Conference abstract

Burden and trend of measles in Nigeria: a five-year review of case-based surveillance data, 2012 - 2016

Pan African Medical Journal - Conference Proceedings. 2018:8(69).09 Dec 2018.
doi: 10.11604/pamj-cp.2018.8.69.651

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Keywords: Disease outbreak, measles, Nigeria, vaccines
Opening ceremony

Burden and trend of measles in Nigeria: a five-year review of case-based surveillance data, 2012 - 2016

Baffa Sule Ibrahim1,&, Rabi Usman1, Yahaya Mohammed1, Oyeladun Okunromade1, Aisha Abubakar2, Patrick Nguku1

1Nigeria Field Epidemiology and Laboratory Training Program, Abuja, Nigeria, 2Ahmadu Bello University, Zaria, Nigeria

&Corresponding author
Baffa Sule Ibrahim, Nigeria Field Epidemiology and Laboratory Training Programme, Abuja, Nigeria

Abstract

Introduction: measles is a vaccine preventable, highly transmissible viral infection that affects mostly under-five year children. The disease is caused by a Morbillivirus; member of the Paramyxovirus family. Measles surveillance in Nigeria is through the Integrated Disease Surveillance and Response (IDSR). We reviewed surveillance data on measles from Nigeria over a five-year period to highlights its burden, and make recommendations for improvements.

Methods: we conducted a secondary data analysis of measles specific IDSR records of all States in Nigeria from January 2012 to September 2016. The record had reported measles cases with laboratory outcomes from all the States. IDSR weekly epidemiological data were obtained from Surveillance Unit, Nigerian Centre for Disease Control (NCDC).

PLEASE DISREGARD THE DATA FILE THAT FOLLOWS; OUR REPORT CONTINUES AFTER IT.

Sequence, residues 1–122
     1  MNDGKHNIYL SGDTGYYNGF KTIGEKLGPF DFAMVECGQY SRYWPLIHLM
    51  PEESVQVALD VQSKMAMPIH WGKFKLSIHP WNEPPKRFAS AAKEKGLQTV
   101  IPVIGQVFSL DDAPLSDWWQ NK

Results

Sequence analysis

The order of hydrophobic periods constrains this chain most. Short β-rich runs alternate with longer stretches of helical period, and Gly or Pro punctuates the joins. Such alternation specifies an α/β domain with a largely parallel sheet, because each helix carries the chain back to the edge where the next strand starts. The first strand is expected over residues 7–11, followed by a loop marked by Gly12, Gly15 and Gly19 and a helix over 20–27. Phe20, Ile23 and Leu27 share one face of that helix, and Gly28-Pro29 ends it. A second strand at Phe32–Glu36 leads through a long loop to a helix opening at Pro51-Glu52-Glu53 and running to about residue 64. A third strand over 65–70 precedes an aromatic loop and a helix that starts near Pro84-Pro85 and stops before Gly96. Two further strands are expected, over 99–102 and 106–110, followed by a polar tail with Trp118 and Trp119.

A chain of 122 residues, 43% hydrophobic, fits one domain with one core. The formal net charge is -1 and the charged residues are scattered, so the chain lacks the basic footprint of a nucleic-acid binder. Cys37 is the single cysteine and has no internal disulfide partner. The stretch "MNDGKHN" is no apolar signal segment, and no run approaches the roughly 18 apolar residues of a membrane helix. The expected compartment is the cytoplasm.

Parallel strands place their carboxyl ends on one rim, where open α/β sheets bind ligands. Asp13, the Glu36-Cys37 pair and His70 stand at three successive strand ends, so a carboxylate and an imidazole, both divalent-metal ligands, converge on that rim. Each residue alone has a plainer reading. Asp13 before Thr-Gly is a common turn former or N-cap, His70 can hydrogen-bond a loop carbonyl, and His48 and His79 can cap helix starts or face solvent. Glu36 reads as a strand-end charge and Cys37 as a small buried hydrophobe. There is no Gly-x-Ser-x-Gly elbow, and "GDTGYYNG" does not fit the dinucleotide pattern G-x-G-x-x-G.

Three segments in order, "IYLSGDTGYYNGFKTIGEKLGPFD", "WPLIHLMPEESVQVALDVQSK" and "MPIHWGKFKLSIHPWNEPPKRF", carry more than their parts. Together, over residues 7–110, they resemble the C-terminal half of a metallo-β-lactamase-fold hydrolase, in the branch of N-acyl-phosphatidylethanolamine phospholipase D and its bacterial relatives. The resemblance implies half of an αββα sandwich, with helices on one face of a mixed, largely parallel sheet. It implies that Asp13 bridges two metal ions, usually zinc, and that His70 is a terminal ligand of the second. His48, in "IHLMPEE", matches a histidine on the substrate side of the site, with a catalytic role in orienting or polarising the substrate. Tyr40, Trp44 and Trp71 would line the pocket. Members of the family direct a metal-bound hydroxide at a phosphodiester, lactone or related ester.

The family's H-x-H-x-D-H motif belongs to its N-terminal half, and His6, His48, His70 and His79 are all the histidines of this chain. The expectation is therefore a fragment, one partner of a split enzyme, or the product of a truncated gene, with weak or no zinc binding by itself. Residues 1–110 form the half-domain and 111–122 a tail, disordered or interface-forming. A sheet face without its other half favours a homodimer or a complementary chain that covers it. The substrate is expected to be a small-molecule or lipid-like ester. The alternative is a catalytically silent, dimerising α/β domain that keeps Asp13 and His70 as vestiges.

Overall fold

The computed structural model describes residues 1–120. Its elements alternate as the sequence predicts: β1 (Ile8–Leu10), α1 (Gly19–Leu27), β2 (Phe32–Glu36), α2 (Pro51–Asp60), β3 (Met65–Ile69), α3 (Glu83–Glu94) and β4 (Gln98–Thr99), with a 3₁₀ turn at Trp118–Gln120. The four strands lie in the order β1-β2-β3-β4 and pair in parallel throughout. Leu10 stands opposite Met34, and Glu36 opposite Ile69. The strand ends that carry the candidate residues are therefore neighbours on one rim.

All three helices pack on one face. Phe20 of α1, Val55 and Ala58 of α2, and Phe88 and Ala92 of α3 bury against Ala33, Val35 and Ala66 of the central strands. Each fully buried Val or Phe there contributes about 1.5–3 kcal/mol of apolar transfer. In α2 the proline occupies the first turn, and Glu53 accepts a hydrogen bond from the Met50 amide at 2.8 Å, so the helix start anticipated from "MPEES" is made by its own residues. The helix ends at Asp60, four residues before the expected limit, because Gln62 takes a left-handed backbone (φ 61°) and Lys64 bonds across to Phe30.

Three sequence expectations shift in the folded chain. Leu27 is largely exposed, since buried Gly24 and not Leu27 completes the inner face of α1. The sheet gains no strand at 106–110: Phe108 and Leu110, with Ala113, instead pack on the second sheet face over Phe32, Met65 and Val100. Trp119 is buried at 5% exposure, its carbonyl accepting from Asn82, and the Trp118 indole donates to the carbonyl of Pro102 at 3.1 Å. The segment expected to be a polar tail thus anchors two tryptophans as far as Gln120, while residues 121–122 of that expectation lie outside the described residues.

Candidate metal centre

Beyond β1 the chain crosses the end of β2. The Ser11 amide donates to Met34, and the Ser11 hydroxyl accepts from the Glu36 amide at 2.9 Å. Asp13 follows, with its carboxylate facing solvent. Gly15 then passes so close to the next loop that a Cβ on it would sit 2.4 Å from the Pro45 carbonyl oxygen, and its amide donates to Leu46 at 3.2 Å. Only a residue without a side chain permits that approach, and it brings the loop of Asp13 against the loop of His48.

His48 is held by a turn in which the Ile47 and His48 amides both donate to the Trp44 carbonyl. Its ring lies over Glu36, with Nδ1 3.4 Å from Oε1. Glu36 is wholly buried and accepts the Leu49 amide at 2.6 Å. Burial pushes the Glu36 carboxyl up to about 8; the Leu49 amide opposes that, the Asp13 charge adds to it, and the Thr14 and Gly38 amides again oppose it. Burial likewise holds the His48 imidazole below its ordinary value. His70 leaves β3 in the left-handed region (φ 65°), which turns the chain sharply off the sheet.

Results: a total of 131,732 cases were recorded within the period. Highest number of cases 57,892 (43.95%) were recorded in 2013 while the least number of cases 11,061 (8.4%) were recorded in 2012. A total of 817 deaths were recorded, given a case fatality rate (CFR) of 0.62%. The CFR showed a decreasing trend over the years with the highest CFR (1.43%) recorded in 2012 and the least CFR (0.44%) recorded in 2016. Only 8,916 (6.7%) cases were confirmed by laboratory investigation. The Northwest region recorded the highest attack rate (AR) of 149.7 cases per 100,000 population, followed by the Northeast region with 140.2 cases per 100,000 population, while the South-south region recorded the least AR of 15.8 cases per 100,000 population. Case Fatality Rate per region followed similar pattern, with the North central region having the highest CFR of 4.38%. The trend of measles cases followed the same pattern. Cases peaked at March, then gradually reduced to lowest level at June.

Conclusion: measles infection remains a burden especially in the Northern region of Nigeria. Though measles fatalities were on decline over the years, laboratory diagnosis of cases has been suboptimal. We recommended improvement on routine immunization and measles case management, and strengthening of regional laboratories capacity for measles diagnosis.